Wise and Trousdale felt awful about dashing Cyndi's hopes for animation immortality. But they also had a film that was in production that was in serious trouble. Sometimes tough decisions have to be made. So they put the memory of Lauper's tears behind them and tried to figure out how to fix Hugo and Laverne.

Based on the early test footage it was fairly obvious that one of Wise and Trousdale's biggest problems is that they'd just gone too far with Hugo. The fat, obnoxious gargoyle was just coming across as too gross for audiences to warm up to. When recasting Hugo, Gary and Kirk needed to find someone who was gifted at playing annoying but amusing characters that still managed to hold audience's sympathies. But who had talent enough to pull that amazing feat off?

Luckily, they didn't have to look much further than the "Must See TV" line-up Thursday nights on NBC. There was Jason Alexander - playing his heart out as the neurotic but still somewhat loveable George Costanzo on Seinfeld. Here clearly was the man who could pull off Hugo having already walked that thin line between amusing and annoying for five seasons of television.

When Alexander got the call to come out to Burbank and audition he was thrilled. Just like Cyndi, Jason had been trying for years to land a part in a Disney animated film. Previously, he had tried out for the roles of Lefou and Cogsworth in Beauty and the Beast as well as Timon and Pumbaa in The Lion King. But the closest that Alexander had come to making his toon dreams come true was landing the role of the comic villain Abis Mal in the 1994 direct-to-video sequel to Aladdin: The Return of Jafar.

But here, finally, was his big break. So Jason zoomed over to Disney Feature Animation and wowed Wise and Trousdale with his audition. Alexander immediately got Hugo, figuring out - almost instinctively - how far he could take the character without making him too obnoxious. With Jason voicing this grubby little gargoyle, Hugo finally worked. Funny but feisty, Alexander's gargoyle contrasted beautifully with Kimbrough's tight, prissy portrayal of Victor. These two characters could now be counted on to produce huge laughs for the movie.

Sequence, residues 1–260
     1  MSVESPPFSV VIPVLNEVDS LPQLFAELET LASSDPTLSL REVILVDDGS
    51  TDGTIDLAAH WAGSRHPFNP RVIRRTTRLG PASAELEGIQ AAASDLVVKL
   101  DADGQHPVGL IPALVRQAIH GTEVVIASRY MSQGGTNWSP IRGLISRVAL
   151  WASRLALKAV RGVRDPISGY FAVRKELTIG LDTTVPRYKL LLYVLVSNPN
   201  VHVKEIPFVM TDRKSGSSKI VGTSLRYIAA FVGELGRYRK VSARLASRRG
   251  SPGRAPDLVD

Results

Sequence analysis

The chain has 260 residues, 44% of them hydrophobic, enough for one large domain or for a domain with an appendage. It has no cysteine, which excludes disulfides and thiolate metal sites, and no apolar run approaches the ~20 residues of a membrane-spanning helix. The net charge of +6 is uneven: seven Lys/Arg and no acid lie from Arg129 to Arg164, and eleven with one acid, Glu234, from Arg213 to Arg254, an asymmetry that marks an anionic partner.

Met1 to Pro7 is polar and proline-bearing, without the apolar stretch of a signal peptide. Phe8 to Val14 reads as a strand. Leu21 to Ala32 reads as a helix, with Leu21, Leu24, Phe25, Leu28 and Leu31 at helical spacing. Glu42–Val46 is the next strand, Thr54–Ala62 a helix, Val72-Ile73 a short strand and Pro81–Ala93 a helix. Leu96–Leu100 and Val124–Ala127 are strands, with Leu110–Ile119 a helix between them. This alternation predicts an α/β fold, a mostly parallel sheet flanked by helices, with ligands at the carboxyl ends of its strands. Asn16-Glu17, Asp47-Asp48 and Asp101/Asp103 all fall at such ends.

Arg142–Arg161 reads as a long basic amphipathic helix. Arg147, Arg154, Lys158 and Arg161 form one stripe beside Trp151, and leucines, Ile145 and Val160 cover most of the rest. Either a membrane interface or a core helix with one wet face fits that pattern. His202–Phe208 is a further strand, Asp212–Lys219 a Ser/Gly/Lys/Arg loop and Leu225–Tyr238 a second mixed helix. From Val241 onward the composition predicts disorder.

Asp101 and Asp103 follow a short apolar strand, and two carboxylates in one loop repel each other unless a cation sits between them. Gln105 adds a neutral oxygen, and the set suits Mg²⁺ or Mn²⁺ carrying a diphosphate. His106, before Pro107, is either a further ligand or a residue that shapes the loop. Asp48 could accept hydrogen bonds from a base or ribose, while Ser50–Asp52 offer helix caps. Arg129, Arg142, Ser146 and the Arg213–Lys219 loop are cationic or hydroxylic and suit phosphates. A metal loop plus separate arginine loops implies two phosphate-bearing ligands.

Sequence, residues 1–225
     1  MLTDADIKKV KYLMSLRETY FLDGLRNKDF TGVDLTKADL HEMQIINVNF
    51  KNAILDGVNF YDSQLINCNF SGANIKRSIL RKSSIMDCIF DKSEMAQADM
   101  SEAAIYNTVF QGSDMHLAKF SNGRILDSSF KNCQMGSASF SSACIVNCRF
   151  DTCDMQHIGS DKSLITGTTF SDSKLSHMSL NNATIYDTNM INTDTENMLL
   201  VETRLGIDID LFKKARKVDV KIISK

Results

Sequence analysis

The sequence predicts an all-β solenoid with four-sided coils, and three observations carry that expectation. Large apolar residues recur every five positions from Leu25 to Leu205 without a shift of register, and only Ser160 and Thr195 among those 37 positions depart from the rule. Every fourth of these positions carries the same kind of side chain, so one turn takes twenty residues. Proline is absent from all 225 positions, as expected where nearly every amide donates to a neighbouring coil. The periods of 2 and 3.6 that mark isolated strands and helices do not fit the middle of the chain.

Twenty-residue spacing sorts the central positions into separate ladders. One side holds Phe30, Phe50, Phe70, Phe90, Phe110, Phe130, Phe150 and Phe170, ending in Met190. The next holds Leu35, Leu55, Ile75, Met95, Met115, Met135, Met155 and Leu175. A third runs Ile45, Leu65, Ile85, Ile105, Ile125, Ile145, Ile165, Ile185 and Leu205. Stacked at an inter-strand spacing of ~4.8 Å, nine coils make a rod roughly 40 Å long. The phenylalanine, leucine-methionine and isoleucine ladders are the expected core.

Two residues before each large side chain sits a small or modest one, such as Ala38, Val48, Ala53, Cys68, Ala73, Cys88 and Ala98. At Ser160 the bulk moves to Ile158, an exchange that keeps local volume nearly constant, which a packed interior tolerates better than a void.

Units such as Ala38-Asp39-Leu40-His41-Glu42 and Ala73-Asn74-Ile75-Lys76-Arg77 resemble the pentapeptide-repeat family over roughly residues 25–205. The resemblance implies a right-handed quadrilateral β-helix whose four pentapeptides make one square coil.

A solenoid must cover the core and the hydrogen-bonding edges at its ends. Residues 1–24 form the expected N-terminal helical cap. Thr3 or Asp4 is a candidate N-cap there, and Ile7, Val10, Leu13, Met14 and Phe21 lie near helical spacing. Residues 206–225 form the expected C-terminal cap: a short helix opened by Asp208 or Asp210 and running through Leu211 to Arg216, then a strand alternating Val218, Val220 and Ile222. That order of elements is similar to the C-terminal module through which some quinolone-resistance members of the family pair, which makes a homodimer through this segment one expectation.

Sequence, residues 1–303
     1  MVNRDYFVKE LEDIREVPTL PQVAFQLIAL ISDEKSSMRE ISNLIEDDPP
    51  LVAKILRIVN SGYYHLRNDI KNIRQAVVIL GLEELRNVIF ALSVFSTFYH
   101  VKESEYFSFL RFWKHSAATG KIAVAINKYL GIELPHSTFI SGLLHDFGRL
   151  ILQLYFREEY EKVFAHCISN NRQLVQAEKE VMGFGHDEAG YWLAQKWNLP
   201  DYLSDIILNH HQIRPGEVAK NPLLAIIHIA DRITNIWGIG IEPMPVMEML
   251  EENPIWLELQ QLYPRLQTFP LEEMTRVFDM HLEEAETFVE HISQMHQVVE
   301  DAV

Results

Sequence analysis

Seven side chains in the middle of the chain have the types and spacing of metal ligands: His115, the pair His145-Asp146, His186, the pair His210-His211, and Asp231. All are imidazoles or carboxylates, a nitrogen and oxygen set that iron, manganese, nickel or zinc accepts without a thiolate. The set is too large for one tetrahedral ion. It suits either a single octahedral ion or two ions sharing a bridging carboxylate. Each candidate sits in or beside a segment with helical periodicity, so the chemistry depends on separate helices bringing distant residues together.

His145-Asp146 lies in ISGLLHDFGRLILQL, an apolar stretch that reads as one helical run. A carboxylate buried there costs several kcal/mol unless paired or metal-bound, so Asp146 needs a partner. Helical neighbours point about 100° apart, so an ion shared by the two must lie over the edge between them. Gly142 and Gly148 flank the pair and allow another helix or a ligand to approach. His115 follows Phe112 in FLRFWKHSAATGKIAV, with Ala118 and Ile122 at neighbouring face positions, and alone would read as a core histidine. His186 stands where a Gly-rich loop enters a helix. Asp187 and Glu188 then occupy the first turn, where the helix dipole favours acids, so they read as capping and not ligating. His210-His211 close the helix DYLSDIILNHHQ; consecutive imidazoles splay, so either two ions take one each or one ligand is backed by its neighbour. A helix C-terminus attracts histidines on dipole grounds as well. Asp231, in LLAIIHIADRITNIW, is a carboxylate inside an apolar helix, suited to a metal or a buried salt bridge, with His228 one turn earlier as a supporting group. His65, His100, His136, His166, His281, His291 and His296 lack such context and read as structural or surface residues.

So now what do Gary and Kirk do with Laverne? 

It should be noted here that - at this point in the production - Wise and Trousdale were under tremendous pressure to cut the third gargoyle out of the picture. Given how well Victor and Hugo were now working Laverne suddenly seemed unnecessary. A third wheel, if you will. Dropping that character would have saved the film a lot of money, as well as freeing up a lot more screen time for the two other gargoyles to cavort.

But Gary and Kirk felt Laverne was crucial to the film. Hugo kept urging Quasi to take a chance, go for the gusto. Victor was the voice of prudence and caution. Wise and Trousdale knew that their lead character needed someone in the middle, someone with the common touch who'd tell Quasi just to listen to his heart.